Then, I went back to the butcher and picked up the pelts from the sheep. We usually cure them, have them tanned, and make beautiful sheepskin throws out of them. As I was stretching them to dry them out, I noticed something really weird. Whoever butchered them had left the bony front legs on the pelts, and the hoofs. I prefer my blankets to be hoof and bone free, so I cut off the bony, furry lamb legs, hoofs and all. I threw the sheep legs and feet into the trash with all of the chicken feet.
And then I thought, man, do I have some funky weird trash.
How many feet are in your trash?
Mulder isn’t really our sheep. Some kind friends have loaned him to us, so that he might get it on with our lady sheep and make more black sheep with great wool! My idea is to eventually make felted top hats with the black wool from all of the sweet little black lambs.
This is the second time they have pimped him out to us. The first time, they couldn’t quite remember his name when we picked him up. We thought that tuft of hair on top of his head made him look like a giant muppet, so we named him “Muppet.” Then his family companionators called a couple of days later and said they remembered his name was “Mulder.” By that time, we were already having lengthy conversations with “Muppet,” so the name stuck. I guess Muppet is his street name, for when he’s gigoloing.
Mulder enjoys his work. He’s enthusiastic. The lady sheep sometimes look as if they wish he weren’t quite so eager. But they like him better this time than last year, I think. At least they aren’t running away this time. They huddle together and cautiously peer at him from a safe distance. Give them a few days, though, and they’ll like him a lot (if last year was any indication).
He’s a gentler breed than our Jacobs, and also (as you can see) hornless. This makes for an interesting aesthetic: all of the females have big horns, and the male has no horns. Muppet is completely comfortable with his masculinity, and he doesn’t worry about that sort of thing.
Last year’s lambs are a nice bunch, small and black, but all except one are male. We’re hoping for more ewes this year.
P.S. Thank you, Mo and Ned, for loaning us Mulder. He’s great.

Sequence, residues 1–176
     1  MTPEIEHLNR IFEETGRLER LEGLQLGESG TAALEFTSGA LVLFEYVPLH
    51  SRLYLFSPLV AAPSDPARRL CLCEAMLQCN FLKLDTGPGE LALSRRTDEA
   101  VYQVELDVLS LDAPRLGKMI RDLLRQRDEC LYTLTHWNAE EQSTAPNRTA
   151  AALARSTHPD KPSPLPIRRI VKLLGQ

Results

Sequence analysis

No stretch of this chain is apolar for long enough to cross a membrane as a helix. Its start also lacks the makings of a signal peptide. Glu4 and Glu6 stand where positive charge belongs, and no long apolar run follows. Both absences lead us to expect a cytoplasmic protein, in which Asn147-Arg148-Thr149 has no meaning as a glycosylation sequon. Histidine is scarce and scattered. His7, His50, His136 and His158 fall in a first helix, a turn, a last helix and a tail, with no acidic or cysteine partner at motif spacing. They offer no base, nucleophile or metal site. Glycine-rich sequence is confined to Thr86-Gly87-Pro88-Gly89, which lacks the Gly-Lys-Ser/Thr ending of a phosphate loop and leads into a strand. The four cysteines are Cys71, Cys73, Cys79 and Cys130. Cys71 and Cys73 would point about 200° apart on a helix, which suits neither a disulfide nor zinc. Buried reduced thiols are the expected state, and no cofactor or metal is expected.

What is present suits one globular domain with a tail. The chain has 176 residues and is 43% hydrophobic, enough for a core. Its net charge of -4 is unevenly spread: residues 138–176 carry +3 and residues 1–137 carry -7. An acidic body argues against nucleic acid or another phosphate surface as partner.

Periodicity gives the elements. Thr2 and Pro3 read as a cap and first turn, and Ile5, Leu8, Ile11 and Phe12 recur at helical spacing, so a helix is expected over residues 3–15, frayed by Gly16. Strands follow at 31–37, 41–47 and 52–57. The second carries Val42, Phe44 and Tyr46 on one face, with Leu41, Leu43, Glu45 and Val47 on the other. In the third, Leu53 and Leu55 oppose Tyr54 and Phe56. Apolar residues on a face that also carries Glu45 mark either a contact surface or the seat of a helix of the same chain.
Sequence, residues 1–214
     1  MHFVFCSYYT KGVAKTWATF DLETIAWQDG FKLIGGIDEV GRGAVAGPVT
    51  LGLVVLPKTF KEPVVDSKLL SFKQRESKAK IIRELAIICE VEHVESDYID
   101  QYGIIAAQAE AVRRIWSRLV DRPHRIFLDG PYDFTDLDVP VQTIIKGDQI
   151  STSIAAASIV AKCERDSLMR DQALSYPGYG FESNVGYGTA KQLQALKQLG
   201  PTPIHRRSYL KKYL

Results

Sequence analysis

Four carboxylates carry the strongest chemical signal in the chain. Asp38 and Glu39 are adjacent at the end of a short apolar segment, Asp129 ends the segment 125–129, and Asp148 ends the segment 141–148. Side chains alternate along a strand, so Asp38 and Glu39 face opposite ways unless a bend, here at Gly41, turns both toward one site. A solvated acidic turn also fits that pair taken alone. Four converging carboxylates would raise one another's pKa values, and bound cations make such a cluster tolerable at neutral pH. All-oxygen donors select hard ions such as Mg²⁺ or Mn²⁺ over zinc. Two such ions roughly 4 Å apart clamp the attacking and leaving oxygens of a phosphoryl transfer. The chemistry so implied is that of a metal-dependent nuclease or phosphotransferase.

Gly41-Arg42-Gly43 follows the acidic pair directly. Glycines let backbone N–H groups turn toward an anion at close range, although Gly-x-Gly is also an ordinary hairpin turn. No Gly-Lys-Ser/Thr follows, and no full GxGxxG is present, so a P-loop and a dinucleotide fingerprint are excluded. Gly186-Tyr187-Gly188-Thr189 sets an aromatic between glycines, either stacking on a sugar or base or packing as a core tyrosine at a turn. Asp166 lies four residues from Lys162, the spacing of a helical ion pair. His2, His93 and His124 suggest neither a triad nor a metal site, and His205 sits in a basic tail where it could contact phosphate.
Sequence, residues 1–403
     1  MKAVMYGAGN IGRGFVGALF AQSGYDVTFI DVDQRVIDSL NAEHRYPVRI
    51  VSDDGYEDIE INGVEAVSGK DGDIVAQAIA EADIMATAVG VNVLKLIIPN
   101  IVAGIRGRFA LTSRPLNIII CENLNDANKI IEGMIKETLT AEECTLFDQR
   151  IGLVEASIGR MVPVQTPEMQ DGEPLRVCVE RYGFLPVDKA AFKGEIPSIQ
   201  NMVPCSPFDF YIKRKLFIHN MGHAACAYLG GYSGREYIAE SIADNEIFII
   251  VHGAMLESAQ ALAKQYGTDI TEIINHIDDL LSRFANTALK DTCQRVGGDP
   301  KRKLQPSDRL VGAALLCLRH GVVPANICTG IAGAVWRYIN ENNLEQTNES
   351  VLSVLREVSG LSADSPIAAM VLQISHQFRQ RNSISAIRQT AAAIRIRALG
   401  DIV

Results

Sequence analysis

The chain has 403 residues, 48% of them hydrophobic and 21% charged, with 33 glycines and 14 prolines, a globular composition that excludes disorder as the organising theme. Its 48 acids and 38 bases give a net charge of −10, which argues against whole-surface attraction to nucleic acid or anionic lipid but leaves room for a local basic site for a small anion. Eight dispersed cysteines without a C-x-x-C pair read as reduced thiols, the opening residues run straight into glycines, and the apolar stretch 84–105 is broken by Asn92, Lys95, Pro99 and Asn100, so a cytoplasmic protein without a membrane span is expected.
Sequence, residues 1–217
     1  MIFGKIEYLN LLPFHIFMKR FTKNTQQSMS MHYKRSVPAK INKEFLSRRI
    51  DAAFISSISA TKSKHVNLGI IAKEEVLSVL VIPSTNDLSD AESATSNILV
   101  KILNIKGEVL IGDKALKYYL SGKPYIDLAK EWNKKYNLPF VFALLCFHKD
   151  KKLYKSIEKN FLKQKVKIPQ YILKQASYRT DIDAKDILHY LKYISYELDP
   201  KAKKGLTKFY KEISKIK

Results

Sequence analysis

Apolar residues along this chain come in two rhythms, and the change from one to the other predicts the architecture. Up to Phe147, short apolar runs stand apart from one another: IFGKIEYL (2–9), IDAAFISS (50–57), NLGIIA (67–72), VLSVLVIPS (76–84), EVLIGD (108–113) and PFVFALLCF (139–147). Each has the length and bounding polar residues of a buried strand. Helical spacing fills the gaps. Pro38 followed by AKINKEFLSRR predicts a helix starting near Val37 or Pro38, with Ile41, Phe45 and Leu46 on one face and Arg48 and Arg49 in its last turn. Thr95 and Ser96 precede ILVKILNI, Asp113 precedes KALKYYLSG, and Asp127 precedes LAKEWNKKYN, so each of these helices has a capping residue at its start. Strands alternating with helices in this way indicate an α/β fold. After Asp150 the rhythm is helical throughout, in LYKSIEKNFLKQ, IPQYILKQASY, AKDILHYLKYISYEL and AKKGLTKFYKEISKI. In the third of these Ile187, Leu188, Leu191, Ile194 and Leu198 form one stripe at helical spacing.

Cloudy Wether likes to get my attention by ramming me in the butt when I’m not looking. Now, I have installed an early warning system:
I never knew it before: Cow bells are really loud! I hear Cloudy now, wherever he is.
Cloudy is such a jerk. He just rams everyone.
Cloudy was a bottle lamb. He grew up with us feeding him, and he looks at people as his peers. And what do rams do with their peers? Well, they ram them.
I don’t know what to do with Cloudy. He has great wool, but if you want to go anywhere near him, you have to carry a big stick and poke him with it whenever he looks too excited. He’s actually pretty easy to control. It’s just this idea that we have an animal who charges at us at every opportunity that is a bit bizarre. It’s like staying in an abusive relationship. I currently have a giant bruise on my leg, because I forgot about carrying the big stick the other day, and he rammed me. I scolded him. I don’t think he really understood.
We could butcher him and eat him. Except, you know, he’s our baby Cloudy.
When he was a baby lamb, his mom rejected him. He was so pathetic and sad. He had one ear that wouldn’t stand up. It just flopped over. We thought we still might eat him someday, him being a ram, so we called him, “Cloudy with a Chance of Meatballs.” Then I castrated him, and we changed his name to “Cloudy Wether.” So, you see, we are a bit attached to him. So we keep him in a separate area from the more gentle sheep, and we can admire his massive horns from afar.
Every day, I go out and count the sheep, making sure no one got eaten in the night. I look them over and see how they’re doing. An easy way to tell they are all right is to drive a little farm vehicle beside the pasture, and if they all run after it- well, they’re probably doing okay. I took a movie of this yesterday on my tablet. Then I edited it in the youtube editing feature, which I had never used before. You can tell. I got a little carried away. I hope you find this amusing, anyway.
This is the Cutest Sheep in the Universe, Mimi. Mimi is a pure bred Jacob Sheep. She is one of Yoshimi’s spring lamb twins from 2015. (The other is called Yoshi.)
Mimi’s horns go straight out and curve down in front of her face- not a common sight. I wonder what the world looks like to Mimi? Is it like having giant stripes of cataracts in your eyes? When she was first growing the horns, I was afraid they would go out so far that she wouldn’t be able to graze (because the horns would touch the ground before her mouth did). Luckily, that did not happen.
Mimi has the most amazingly thick eyelashes. She’s like a camel. She could be a mascara model, for sheep make-up, if that’s ever a thing. (There are sheep shows. It could happen!)
Mimi’s personality is somewhat shy and sweet, like most sheep. The only time I have ever seen her upset is when her mama, Yoshimi, had triplets this past spring. Then she tried to chase the new lambs away, and I had to put Mimi in a separate pasture. It’s not easy when you get three siblings in one day. I felt for her.
Graze on, Mimi. Graze on.
I don’t want to sound all judgy or anything, but these sheep could have worn something a little less racist looking to go to the Dane County Fair last summer.
These sheep were our neighbors (our sheep were in a pen next to them). Their people were really nice people. Am I weird to think these sheep look like they belong in the KKK?
P.S. Update: Yes, they do also look like WW1 flight suits. Bad Ass Husband agrees, too. Okay. I am crazy, then.